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Re: [csswg-drafts] [css-color] Separation / DeviceN color support (#2023)

From: Mike Bremford via GitHub <sysbot+gh@w3.org>
Date: Fri, 13 Nov 2020 18:45:41 +0000
To: public-css-archive@w3.org
Message-ID: <issue_comment.created-726962608-1605293140-sysbot+gh@w3.org>
It's quite possible I've misunderstood your point, but I'll plunge in anyway. Feel free to correct me.

From a PDF perspective, we could work with the fallback color in almost any color-space you like. CMYK is by far the most common - these things are destined for print, after all - but I've seen Lab used. Also allowable in the PDF format is RGB, or any ICC-based colorspace - it doesn't have to be device-cmyk, it could be Fogra39  for example. Any one of these would give a colorimetric value, no?
```css
@color-profile --orange-021c {
  src: Lab;
  components: "PANTONE Orange 021C" 60% 65.7 85.1;
}

@color-profile --warm-red {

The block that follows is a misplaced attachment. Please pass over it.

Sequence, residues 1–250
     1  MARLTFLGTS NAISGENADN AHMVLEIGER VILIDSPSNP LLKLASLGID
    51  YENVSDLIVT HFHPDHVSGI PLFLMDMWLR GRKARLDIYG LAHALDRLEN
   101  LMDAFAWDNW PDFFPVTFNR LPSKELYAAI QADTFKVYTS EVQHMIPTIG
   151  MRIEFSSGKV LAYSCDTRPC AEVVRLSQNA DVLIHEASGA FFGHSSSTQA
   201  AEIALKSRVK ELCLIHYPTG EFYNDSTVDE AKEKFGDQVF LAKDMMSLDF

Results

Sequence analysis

src: fogra39;
  components: "PANTONE Warm Red C" 0 0.76 0.9 0.01;
}
```

Of course interpolation on a device without the ink available will happen in the fallback space, and as we know this looks pretty rubbish with Lab. Lch would be ideal except it's not available in PDF. I can simulate a gradient between two Lch colors in Lab quite easily, by dividing the gradient up into sections until the delta-E is close enough. But when _generating_ a PDF I can't do this with spot colors defined against Lch; the decision on whether to interpolate in the named-ink or the fallback-color doesn't happen until the device _rendering_ the PDF. 

All of which means that from the perspective of someone generating a PDF, it's possible to accurately convey both the above examples, although the Lab one wouldn't be great in a gradient. But if you specified the ink in Lch (or HSL, or anything not native to PDF), we'd have to convert it to something natively supported in PDF first. That would likely be CMYK as it interpolates better. But this doesn't seem a problem to me - I think an author using a named color will be aware of this.

From the perspective of someone trying to display these on screen, I think it's even easier isn't it? Provided a space other than device-cmyk was used for the fallback color, you can get an accurate colorimetric value at any point along a gradient.



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